Ride in peace, Roger Kramer

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I’m very unhappy this morning to report the death of bicycle advocate, newspaperman and fellow bike blogger Roger Kramer of Belleville, Illinois.

Roger Kramer

The Belleville News-Democrat, where he worked for 20 years as a design editor and copy editor, reports that he died of natural causes at his home on Saturday. He was 51.

I knew Roger from his Roger Kramer Cycling blog, which was up-and-running long before I launched Biking Bis in 2005. He kept local readers abreast of upcoming rides in the southern Illinois area, as well as putting a local spin on many national bicycle advocacy issues.

Cyclists in southern Illinois also knew him as an active member of the Belleville Area Bicycling and Eating Society and co-founder of two popular bike rides — the Tour de Stooges and Tour de Donut.

The former reflected his love for the Three Stooges. The latter was described as one of Roger’s more “deviant” ideas by the Belleville News-Democrat. Participants would be timed over the length of the course, with 5 minutes subtracted for every doughnut consumed. He won the event one year.

Club members vowed to keep these bike rides alive.

Roger bicycled throughout the Midwest and Canada as a participant in week-long mass bike rides. Some of these rides — such as the Bicycle Across the Magnificent Miles of Illinois in the mid-1980s — date back to a time before anyone ever heard of Lance Armstrong.

Winning form at Tour de Donut

I exchanged emails a few times with Roger but never got to meet him in person or ride a bike with him. I’ll bet the miles flew by with Roger, not because of the speed but because of the conversation.

Visitation is 4pm-7pm today (Tuesday November 6, 2012 ) at Targhetta & Wooldridge Funeral Home in Brighton. A prayer service will be held at 5 pm. Services are at 10am Wednesday, November 7, 2012.

More stories about Roger Kramer are posted at his hometown newspaper, the Belleville News-Democrat, and The Telegraph.

The Missouri Bicycle and Pedestrian Federation (BikeMoFed) posted Roger’s description of the Tour de Donut ride that he won in 1995.

Here’s what Roger said about his philosophy of bicycling:

The short version of my philosophy of cycling is this: I will continue to ride my bicycle as long as it remains fun. When it isn’t fun anymore, then I will stop.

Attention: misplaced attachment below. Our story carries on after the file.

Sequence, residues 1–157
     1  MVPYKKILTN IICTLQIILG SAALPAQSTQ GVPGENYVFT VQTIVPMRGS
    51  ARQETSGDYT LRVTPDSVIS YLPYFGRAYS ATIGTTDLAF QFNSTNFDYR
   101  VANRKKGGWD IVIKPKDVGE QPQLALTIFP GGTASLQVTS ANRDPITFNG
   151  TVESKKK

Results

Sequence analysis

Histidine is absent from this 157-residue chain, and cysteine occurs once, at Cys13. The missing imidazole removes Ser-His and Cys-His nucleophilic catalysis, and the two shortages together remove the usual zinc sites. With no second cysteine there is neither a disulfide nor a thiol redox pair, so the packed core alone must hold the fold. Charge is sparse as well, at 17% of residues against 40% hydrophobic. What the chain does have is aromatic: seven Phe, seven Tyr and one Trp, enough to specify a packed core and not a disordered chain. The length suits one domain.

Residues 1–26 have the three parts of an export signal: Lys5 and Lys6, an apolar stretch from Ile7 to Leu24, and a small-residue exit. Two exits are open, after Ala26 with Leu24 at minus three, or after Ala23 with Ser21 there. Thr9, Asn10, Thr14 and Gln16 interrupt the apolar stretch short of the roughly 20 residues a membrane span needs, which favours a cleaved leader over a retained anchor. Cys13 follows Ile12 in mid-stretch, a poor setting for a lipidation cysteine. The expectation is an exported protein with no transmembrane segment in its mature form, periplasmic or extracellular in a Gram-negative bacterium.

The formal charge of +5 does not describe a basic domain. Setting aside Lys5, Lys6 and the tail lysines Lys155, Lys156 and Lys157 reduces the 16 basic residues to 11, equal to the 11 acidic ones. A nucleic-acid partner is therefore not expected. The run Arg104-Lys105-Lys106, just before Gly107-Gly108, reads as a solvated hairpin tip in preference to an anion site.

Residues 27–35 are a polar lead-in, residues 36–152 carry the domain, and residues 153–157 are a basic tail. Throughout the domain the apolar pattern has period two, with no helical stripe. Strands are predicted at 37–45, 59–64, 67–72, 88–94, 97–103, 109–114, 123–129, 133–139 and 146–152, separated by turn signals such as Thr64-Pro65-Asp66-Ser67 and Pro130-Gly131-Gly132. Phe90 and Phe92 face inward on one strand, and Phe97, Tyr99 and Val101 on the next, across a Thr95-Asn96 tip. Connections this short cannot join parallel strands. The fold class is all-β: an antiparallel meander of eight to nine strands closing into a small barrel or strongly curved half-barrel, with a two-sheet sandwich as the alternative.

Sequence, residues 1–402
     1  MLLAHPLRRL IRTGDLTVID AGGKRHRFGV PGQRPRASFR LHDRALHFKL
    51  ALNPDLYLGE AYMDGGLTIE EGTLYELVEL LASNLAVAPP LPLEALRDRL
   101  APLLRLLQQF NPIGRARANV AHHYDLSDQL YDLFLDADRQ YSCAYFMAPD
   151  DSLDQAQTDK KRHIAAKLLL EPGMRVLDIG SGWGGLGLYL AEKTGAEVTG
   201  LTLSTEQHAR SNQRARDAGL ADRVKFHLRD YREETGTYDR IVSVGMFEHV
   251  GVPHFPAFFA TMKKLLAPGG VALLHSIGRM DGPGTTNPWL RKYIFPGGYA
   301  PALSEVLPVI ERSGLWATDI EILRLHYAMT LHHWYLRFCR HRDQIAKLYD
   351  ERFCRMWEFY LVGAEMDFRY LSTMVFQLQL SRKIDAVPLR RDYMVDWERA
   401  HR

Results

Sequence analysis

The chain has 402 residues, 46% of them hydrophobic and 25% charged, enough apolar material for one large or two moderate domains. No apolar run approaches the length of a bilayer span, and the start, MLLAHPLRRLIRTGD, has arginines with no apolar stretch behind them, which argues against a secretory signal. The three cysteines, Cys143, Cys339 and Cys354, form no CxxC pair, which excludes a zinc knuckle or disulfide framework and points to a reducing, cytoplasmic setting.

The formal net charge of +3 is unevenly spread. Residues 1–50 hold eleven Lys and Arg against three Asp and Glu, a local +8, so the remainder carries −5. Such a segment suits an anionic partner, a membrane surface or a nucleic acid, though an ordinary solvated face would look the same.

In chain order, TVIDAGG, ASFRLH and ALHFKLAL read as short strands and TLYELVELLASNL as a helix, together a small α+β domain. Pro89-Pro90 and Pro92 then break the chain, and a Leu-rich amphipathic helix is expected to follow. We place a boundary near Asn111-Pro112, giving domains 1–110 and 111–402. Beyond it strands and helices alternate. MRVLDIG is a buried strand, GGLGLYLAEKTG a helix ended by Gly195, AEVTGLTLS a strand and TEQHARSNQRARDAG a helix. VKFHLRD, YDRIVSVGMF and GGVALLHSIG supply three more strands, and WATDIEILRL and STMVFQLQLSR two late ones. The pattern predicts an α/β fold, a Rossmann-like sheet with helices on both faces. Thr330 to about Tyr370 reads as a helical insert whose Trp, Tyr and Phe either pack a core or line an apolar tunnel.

Of course, there’s a long version, and I’m going to share that with you.

Life on the road

When I started cycling seriously about 15 years ago, the only real option for we Midwesterners was road riding. Even though I now own a mountain bike, the vast majority of my rides are on a road bike.

I realize a lot of people don’t feel safe on the roads, and a lot of roads in metropolitan areas like St. Louis aren’t safe for cars, let alone bikes. The advent of the Katy Trail and other trails in the St. Louis metropolitan area have allowed people to take up cycling and avoid the roads.

But I believe those people are missing out on something special. I can honestly say that in my multiday trips and my routine daily rides in Illinois and North Carolina, I have had few problems with motorists. I am convinced the big reason for that is because I make every effort to obey bicycling laws.

In my neck of the woods, we have had a controversy regarding group rides in a rural Illinois county on the edge of the St. Louis metropolitan area. While I do believe some of the residents have overreacted to the problem, I am convinced we cyclists have contributed to the problem by not obeying traffic laws. Illinois law, for example, requires cyclists to ride no more than two abreast, unless there is traffic, then we are required under law to ride single file. Yet, many cyclists disobey the law, hold up traffic and put themselves in danger of being hit by another car.

As a leader of an organized ride in the St. Louis area, the Tour de Stooges, I make of a point of explaining key Illinois cycling laws. Not every ride leader in the St. Louis area does that, and I think they should. A little bit of education would do a whole lot to improve the relationship between cyclists and motorists.

Of course, we also need to do a better job of teaching motorists that we have a legal right to be on the road.

Give back to the sport

Cycling has given me many hours of fun, relaxation and enjoyment. Because of that, I’m obligated to give something back.

This is part of the reason why I have created this site. I want to educate people about the joys of long-distance cycling, and I want to help people make an educated decision about what rides are best for them.

This is also part of the reason why I lead the Tour de Stooges and lead an occasional weekly ride for the Belleville Area Bicycling and Eating Society.

I’m not calling on you to take on a ride the size of the Tour de Stooges or something major like RAGBRAI, but I hope you’ll do something. Joining your local bike club is a good first step. You may want to build on that by joining a national organization like the League of American Bicyclists and Hostelling International, both of which promote bicycling.

If you’re willing to go farther, you can volunteer to do registration or some other duty on your club’s big rides for the years. A lot of groups will let you ride for free or give you a T-shirt for your efforts. As you learn about how much is involved in running a big ride, perhaps you will find the calling to run a big ride. If you do, I wish you luck and commend you for your effort!

Permanent link to this article: http://www.bikingbis.com/2012/11/06/ride-in-peace-roger-kramer/

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